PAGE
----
Local effort to protect NW Ohio land - 13abc.com Toledo (OH) News, Weather and Sports

Local effort to protect NW Ohio land

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Thousands of acres here in Northwest Ohio are permanently protected thanks to the work of a grass roots organization. The Black Swamp Conservancy protects land ranging from farms to wetlands and woodlands. As of right now, the group has more than 100 properties in its land trust ranging from less than a quarter of an acre up to hundreds of acres. Board President Eric Kraus says they're focused now on getting even more people involved in protecting land for the generations to come,"We give landowners both public and private the opportunity to protect their property forever."

The 577 Foundation in Perrysburg is one of the most recognizable properties in the land trust and it's open to the public, "Our primary mission focuses on two things, agricultural land and green space. The green space can be anything from woodlands and wetlands to a broad variety of ecologically important areas in Northwest Ohio."

Here's how it works.The Conservancy owns about 360 acres of nature preserves, but in most cases a landowner enters into what's called a conservation easement with the Conservancy. Executive Director Rob Krain says the permanent agreement limits the things that can be done on a piece of land, "We restrict land uses like subdivisions, cutting of trees and converting farm land, but the owner retains ownership and management of the property."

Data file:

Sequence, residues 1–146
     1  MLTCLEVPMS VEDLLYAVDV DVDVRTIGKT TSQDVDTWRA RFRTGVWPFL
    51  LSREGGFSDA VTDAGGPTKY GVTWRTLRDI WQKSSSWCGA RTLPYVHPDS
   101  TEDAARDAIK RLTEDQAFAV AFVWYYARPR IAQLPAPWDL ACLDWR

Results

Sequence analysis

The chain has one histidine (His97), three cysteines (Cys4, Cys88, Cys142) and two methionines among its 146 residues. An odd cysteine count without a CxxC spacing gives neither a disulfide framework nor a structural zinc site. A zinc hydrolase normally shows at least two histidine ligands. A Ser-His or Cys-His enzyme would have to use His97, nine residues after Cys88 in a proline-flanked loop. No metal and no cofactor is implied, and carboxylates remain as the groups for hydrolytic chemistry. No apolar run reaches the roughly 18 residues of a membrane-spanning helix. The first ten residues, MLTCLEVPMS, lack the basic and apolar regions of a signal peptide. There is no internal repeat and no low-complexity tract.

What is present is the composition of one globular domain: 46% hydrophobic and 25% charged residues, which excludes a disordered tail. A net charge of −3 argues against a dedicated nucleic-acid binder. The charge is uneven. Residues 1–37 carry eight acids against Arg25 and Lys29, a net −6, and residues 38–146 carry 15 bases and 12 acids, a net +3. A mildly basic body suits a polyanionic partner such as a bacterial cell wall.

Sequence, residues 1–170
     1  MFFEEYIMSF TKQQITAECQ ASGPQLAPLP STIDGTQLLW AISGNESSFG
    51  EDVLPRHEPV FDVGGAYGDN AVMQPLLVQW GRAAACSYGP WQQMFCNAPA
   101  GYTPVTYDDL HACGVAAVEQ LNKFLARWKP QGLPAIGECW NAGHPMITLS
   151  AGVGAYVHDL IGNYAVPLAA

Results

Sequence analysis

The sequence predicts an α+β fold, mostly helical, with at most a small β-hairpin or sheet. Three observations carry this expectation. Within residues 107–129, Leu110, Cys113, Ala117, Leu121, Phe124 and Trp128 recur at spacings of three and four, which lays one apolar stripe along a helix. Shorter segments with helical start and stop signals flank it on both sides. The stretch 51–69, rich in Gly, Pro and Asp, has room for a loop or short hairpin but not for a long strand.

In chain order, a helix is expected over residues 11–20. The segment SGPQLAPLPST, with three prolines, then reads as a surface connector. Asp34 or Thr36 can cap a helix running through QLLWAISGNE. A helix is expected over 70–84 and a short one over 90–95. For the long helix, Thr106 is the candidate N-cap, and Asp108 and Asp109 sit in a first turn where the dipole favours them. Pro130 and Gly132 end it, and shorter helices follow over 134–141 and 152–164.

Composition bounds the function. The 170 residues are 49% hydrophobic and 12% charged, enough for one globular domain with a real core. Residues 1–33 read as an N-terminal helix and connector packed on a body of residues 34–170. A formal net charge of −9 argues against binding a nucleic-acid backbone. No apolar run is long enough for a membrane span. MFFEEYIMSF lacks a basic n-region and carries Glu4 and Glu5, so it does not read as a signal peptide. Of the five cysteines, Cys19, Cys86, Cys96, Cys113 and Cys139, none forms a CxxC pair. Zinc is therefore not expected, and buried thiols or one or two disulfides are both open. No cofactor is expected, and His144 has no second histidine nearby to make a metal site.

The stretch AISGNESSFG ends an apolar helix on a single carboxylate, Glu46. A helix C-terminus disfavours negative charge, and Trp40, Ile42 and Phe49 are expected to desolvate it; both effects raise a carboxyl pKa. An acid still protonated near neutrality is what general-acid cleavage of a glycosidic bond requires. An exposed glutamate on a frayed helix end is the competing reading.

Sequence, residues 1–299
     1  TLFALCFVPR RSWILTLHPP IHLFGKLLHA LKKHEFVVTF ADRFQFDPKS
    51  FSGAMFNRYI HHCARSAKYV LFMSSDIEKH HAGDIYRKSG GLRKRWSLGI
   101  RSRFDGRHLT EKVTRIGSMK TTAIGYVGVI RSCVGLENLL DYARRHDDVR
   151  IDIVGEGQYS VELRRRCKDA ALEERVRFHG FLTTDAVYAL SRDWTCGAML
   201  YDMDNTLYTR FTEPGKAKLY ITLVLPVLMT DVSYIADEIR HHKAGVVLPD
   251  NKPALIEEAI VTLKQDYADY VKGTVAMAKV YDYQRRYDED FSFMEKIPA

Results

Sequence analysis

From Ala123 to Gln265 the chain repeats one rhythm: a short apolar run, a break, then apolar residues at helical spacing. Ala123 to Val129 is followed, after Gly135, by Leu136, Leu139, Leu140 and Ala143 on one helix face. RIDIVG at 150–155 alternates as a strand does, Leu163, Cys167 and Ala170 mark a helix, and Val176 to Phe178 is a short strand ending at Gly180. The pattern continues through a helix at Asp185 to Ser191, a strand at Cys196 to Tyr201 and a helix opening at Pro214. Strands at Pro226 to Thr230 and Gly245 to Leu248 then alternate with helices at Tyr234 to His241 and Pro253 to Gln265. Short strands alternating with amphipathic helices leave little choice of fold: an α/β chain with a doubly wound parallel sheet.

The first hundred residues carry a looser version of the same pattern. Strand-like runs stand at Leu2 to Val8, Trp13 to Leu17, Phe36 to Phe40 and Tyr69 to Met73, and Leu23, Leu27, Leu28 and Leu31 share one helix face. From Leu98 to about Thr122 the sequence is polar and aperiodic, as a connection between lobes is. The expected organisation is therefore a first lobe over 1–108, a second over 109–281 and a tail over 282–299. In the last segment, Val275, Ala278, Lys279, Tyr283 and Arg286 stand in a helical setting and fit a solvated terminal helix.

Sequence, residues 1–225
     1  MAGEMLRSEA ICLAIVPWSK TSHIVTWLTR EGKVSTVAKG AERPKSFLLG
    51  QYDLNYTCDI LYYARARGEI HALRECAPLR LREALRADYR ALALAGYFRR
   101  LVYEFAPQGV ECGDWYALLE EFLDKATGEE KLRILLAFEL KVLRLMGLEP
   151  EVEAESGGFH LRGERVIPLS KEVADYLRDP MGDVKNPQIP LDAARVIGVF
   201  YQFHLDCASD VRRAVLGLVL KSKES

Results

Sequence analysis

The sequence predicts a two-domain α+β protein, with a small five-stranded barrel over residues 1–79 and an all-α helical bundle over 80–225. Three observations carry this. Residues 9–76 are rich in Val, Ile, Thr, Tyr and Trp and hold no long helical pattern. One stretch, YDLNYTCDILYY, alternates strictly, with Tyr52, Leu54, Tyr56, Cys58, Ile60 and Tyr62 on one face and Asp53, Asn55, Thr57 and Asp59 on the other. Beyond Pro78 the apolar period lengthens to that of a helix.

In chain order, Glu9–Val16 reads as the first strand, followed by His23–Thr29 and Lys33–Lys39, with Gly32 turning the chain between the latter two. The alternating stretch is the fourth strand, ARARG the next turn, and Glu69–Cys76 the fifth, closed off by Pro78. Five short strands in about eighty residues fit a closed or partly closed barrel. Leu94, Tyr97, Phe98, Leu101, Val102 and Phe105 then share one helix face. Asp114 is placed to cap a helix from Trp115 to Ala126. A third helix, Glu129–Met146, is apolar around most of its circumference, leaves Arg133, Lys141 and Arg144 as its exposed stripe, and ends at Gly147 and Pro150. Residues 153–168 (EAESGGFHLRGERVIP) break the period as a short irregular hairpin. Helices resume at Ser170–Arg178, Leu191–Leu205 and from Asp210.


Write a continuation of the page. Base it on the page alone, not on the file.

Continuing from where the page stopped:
Kraus says it's important to note that restricting land use does not mean anti-development,"We're not an anti-development organization and we feel that is important to stress. Its about protecting what is important to protect and developing what makes sense to develop."

According to the Conservancy, Ohio's number one industry is agriculture and the state loses five acres of rural land every hour. The Carter-Loomis Farm just outside Bowling Green is part of the more than 13,000 acres that have been protected through the work of the Conservancy. Kraus says they are focused on protecting even more farm land and natural areas, "That number is growing more meaningfully each year in large part because we can be more strategic in how we reach out to the community and landowners can learn what we can do to help them reach their goals." Krain points out  the work of the Conservancy benefits us all,"If drinking clean water and breathing fresh air are important to you, you should care about what we do." 

In honor of  Earth Day on Tuesday the Conservancy has a big project at one of its sites near Fremont. So far they've planted about 17,000 trees there to restore a streamside forest and Tuesday they'll continue that work. They're also kicking off the "Help Us Grow" campaign with the goal of raising one dollar for every acre they protect, which adds up to a goal of raising just over $13,000.

Visit blackswamp.org to find out how you can help.

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